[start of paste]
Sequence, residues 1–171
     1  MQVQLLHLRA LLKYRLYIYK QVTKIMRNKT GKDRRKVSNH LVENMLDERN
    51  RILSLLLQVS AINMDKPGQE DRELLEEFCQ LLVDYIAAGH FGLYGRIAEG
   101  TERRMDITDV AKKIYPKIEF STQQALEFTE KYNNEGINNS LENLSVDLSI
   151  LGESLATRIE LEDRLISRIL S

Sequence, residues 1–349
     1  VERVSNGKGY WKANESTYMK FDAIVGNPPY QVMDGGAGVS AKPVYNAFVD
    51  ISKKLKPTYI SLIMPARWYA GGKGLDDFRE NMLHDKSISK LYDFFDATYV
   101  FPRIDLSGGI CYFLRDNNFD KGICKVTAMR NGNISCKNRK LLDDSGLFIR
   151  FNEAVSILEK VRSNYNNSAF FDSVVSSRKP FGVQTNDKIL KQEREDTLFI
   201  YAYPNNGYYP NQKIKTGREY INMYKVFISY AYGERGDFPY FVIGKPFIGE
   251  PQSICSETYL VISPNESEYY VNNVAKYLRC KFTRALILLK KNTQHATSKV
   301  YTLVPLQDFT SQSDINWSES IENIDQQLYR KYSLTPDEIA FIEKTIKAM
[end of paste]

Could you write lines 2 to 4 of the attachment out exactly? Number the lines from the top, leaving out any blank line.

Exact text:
     1  MQVQLLHLRA LLKYRLYIYK QVTKIMRNKT GKDRRKVSNH LVENMLDERN
    51  RILSLLLQVS AINMDKPGQE DRELLEEFCQ LLVDYIAAGH FGLYGRIAEG
   101  TERRMDITDV AKKIYPKIEF STQQALEFTE KYNNEGINNS LENLSVDLSI